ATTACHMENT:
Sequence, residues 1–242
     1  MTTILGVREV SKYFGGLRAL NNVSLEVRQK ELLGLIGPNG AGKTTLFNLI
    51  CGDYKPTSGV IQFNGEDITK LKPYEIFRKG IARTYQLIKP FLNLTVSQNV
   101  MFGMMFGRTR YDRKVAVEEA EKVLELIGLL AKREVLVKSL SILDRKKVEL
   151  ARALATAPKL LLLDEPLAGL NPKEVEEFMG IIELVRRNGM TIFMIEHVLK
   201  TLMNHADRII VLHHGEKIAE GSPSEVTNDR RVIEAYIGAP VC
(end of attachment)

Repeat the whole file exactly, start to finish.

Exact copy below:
Sequence, residues 1–242
     1  MTTILGVREV SKYFGGLRAL NNVSLEVRQK ELLGLIGPNG AGKTTLFNLI
    51  CGDYKPTSGV IQFNGEDITK LKPYEIFRKG IARTYQLIKP FLNLTVSQNV
   101  MFGMMFGRTR YDRKVAVEEA EKVLELIGLL AKREVLVKSL SILDRKKVEL
   151  ARALATAPKL LLLDEPLAGL NPKEVEEFMG IIELVRRNGM TIFMIEHVLK
   201  TLMNHADRII VLHHGEKIAE GSPSEVTNDR RVIEAYIGAP VC